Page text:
Antiquarianism and Intellectual Life in Europe and China, 1500-1800
Publication Year: 2012
Published by: University of Michigan Press
Title Page, Copyright Page
Introduction: Antiquarianism and Intellectual Life in Europe and China
Until very, very recently, mentioning “antiquarianism” to most historians would elicit expressions of disdain and, even more tellingly, disassociation. If the achievements of modern scholarship represented the gains of disciplinarity and “expertise,” antiquarianism represented for many its opposite: prescientific...
Part 1: Antiquarianism and the Study of the Past
One: Writing Antiquarianism: Prolegomenon to a History - Peter N. Miller
Fifty years ago Arnaldo Momigliano lamented, “I wish I could simply refer to a History of Antiquarian Studies. But none exists.”1 If there is still no single-volume history of antiquarianism, many, many pieces of this puzzle have been assembled. Already...
Two: The Many Dimensions of the Antiquary’s Practice
We are in the habit of considering the past a continent which is the privileged territory for our Western conception of history to explore. Although Arnaldo Momigliano, in a famous essay, drew our attention to “alien...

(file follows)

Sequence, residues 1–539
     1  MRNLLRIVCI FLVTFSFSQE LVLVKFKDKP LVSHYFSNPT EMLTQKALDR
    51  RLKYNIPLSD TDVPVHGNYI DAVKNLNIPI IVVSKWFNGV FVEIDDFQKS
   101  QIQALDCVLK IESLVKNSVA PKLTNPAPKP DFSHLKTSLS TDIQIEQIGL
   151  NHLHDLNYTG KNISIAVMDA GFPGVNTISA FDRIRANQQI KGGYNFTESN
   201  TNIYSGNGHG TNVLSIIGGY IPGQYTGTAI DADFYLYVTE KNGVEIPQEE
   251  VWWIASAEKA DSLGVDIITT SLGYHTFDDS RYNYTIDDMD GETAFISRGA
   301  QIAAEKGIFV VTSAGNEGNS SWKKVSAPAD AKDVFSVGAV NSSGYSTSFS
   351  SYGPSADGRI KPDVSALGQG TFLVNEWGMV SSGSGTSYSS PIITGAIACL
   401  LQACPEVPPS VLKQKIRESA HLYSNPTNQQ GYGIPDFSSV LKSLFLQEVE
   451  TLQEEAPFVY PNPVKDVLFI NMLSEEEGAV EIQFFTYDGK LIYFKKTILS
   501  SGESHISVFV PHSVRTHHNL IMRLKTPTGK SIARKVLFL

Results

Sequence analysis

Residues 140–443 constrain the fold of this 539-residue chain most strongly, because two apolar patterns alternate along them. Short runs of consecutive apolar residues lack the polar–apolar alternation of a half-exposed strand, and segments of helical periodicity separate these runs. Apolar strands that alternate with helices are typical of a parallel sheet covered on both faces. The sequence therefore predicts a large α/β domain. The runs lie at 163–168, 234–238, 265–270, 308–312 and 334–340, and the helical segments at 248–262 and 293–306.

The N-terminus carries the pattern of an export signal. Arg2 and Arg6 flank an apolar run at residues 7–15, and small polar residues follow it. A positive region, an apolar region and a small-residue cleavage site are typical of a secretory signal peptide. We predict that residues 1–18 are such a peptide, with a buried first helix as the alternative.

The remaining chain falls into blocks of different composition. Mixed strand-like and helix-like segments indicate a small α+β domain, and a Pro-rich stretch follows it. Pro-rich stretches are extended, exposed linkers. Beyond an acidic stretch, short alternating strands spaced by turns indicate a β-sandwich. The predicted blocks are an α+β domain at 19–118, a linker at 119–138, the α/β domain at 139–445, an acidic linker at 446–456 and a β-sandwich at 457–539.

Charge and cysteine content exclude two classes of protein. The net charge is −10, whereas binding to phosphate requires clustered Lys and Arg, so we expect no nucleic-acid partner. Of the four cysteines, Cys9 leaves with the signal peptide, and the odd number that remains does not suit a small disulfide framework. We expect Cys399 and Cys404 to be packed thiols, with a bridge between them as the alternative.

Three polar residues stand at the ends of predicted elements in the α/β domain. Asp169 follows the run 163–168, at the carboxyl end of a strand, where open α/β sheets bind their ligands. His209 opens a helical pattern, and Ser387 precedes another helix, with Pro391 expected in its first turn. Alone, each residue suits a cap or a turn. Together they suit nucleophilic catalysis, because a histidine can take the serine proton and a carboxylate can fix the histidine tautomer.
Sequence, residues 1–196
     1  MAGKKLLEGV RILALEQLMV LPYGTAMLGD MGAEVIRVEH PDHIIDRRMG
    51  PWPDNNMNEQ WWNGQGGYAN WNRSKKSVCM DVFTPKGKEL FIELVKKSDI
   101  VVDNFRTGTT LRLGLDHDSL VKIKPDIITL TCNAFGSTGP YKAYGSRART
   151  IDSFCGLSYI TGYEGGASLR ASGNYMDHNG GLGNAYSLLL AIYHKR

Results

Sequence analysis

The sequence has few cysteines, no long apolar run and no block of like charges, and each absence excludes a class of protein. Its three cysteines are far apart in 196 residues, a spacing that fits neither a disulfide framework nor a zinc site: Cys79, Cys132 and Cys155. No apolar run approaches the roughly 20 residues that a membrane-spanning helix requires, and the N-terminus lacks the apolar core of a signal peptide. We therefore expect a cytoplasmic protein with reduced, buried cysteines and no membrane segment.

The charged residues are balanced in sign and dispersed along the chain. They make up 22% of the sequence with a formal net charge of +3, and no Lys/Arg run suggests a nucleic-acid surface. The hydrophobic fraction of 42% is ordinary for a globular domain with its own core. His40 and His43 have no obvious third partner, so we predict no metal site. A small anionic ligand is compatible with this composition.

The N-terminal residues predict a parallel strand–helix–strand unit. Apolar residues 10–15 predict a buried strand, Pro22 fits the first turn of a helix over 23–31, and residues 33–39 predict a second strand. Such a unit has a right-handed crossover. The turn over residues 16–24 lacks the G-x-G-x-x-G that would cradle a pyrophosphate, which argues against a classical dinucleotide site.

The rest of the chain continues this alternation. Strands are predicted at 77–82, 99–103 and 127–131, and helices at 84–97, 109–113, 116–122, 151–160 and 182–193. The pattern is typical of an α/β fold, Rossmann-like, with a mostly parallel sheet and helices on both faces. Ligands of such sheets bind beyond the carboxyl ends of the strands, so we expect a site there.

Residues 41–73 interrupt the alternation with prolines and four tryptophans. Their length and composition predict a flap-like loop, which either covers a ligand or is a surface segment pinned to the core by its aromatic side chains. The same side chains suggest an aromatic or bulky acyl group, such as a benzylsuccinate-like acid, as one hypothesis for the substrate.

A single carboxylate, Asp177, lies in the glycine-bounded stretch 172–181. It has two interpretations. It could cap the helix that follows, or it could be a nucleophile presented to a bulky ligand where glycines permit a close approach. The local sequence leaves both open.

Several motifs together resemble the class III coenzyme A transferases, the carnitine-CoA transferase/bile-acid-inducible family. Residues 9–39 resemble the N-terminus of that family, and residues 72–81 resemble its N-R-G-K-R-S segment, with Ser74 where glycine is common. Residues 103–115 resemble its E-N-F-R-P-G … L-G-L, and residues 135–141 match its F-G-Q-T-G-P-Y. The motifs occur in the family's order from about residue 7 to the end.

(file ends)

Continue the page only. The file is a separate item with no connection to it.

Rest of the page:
Three: Far and Away? Japan, China, and Egypt, and the Ruins of Ancient Rome in Justus Lipsius’s Intellectual Journey
Friday, August 8, 1591, was a noticeable and still tangible day in Lipsius’s outstanding antiquarian scholarship.1 The high standards he had already reached did not pass unremarked by then, because of his appealing detailed monographs on Roman law and...
Four: Comparing Antiquarianisms: A View from Europe
Comparative history is about the art of the question. Like a question, comparison directs our attention to new horizons. And, like a good question, it contains within itself the seeds of an answer. But it is not an answer—it is a suggestion of what an answer might look...
Part 2: Authenticity and Antiquities
Five: The Credulity Problem
Early modern European antiquarians made plenty of blunders—but they were such interesting blunders.1 In the first third of the fifteenth century, for example, Italian scholars developed a fluid and legible handwriting based on the manuscripts...
Six: Artifacts of Authentication: People Making Texts Making Things in Ming-Qing China
“Lost and misguided in the pursuit of things,” asked one collector in sixteenth-century China, “Who knows what is right?”1 Feng Fang 豐坊 (1493–1566) was lamenting his contemporaries’ blind rush after the antiques, books, artworks, and other artifacts that were available...
Part 3: The Discovery of the World
Seven: Styles of Medical Antiquarianism
Between the fifteenth and the early seventeenth century, learned physicians quite frequently turned their attention to aspects of antiquity and, in some instances, types of sources more usually thought of as the province of antiquaries: social customs, institutions, and the evidence of material as well as textual remains. While...
Eight: Therapy and Antiquity in Late Imperial China